Fed's Powell clearly backs Democrats' large-scale stimulus proposal, Sen. Sherrod Brown says

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Ben Winck
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Sherrod Brown
Sen. Sherrod Brown (D-OH) speaks at the NAN Conference on April 5, 2019 in New York City. Hollis Johnson/Business Insider
  • It's "clear" Fed Chair Powell supports large-scale fiscal stimulus, Sen. Sherrod Brown said Tuesday.

  • Passing too-little a plan risks "long-ter, generational scarring" in the economy, the senator added.

  • Wealthy Americans have recovered but new stimulus is needed to lift lower-income groups, Brown said.

  • Visit the Business section of Insider for more stories.

Federal Reserve Chair Jerome Powell's testimony to the Senate Banking Committee further supported President Joe Biden's call for massive fiscal support, Sen. Sherrod Brown said Tuesday.

The central bank chief completed the first of his two regular hearings on the state of the economy on Tuesday, emphasizing to senators that, though his outlook has improved, the economy remains far from a full rebound. Powell, in typical Fed-chair behavior, avoided directly addressing fiscal policy and Democrats' $1.9 trillion proposal, and instead eased inflation concerns and highlighted the importance of economic equality.

The omission of explicit support for new stimulus shouldn't worry Democrats, Brown said in a Bloomberg TV interview.

"It's clear though that [Powell] thinks we need to go big, as President Biden does," the Senate Banking Committee Chairman said, adding an inadequate response to the pandemic risks "long-term, generational scarring" in the economy.

Powell began testifying to the House Financial Services Committee at 10 a.m. ET on Wednesday.

The Fed chair displayed a markedly more optimistic view of the recovery on Tuesday. Falling daily COVID-19 case counts and vaccine rollouts "offer hope for a return to more normal conditions later this year," Powell said in his opening remarks.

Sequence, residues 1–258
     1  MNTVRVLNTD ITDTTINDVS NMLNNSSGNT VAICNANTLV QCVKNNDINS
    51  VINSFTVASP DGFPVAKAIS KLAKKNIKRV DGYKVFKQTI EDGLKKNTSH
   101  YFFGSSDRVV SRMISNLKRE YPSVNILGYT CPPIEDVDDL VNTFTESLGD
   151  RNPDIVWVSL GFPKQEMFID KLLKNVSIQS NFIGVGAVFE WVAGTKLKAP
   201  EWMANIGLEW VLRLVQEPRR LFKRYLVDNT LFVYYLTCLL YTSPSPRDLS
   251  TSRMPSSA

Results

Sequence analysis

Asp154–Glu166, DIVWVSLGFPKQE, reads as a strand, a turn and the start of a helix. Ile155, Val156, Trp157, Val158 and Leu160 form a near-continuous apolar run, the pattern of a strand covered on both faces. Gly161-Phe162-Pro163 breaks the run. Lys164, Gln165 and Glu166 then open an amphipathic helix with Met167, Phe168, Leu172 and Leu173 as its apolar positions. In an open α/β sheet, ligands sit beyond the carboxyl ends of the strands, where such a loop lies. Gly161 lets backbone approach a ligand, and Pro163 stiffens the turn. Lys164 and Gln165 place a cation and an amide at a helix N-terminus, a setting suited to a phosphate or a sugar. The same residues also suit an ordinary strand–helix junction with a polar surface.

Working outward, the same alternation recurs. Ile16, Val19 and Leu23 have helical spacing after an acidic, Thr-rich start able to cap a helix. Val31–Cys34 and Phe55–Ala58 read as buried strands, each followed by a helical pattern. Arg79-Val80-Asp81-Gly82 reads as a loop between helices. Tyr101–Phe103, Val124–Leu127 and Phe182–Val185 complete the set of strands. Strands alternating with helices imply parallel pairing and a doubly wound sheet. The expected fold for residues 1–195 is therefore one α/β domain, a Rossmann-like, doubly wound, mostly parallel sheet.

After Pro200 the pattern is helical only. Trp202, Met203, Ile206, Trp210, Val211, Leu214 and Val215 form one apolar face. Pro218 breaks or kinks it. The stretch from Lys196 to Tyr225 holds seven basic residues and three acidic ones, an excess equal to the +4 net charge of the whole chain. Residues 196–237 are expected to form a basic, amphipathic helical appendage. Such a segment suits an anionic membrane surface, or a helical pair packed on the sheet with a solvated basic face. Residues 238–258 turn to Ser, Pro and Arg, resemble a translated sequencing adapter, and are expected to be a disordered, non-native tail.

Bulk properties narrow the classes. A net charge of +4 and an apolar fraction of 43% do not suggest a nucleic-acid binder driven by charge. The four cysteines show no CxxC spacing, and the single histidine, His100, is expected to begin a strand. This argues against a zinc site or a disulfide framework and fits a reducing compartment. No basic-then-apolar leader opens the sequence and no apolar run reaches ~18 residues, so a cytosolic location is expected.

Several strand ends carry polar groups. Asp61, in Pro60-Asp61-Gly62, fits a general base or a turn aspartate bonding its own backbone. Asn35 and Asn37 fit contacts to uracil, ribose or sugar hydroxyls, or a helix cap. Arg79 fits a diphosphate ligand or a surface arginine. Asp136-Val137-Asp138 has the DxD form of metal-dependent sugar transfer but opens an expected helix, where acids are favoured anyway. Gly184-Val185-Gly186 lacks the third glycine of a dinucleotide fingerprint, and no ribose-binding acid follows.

Still, the path to pre-pandemic levels of activity remains "highly uncertain" and hinges on the spread of the virus, the central bank chief said. Brown reiterated the cautious outlook. Wealthy Americans have largely bounced back, but minorities and lower-income communities are still stuck in a harsh downturn, the senator said.

"We're not at the place yet where this economy is going to take off," he said. "Most people in this country still need help and we need to move to do that."

The committee chair also urged the importance of learning from the last recession recovery. The government's fiscal-stimulus response to the financial crisis garnered criticism over the past decade for doing too little to fuel growth. The lack of adequate state and local government aid, in particular, dragged on the pace of recovery.

Making the same mistake today could leave Americans hit hardest by the pandemic at an economic disadvantage for years to come, Brown said.

"Many people still haven't really recovered from [the financial crisis]," he added. "We've got to make sure that doesn't happen here."

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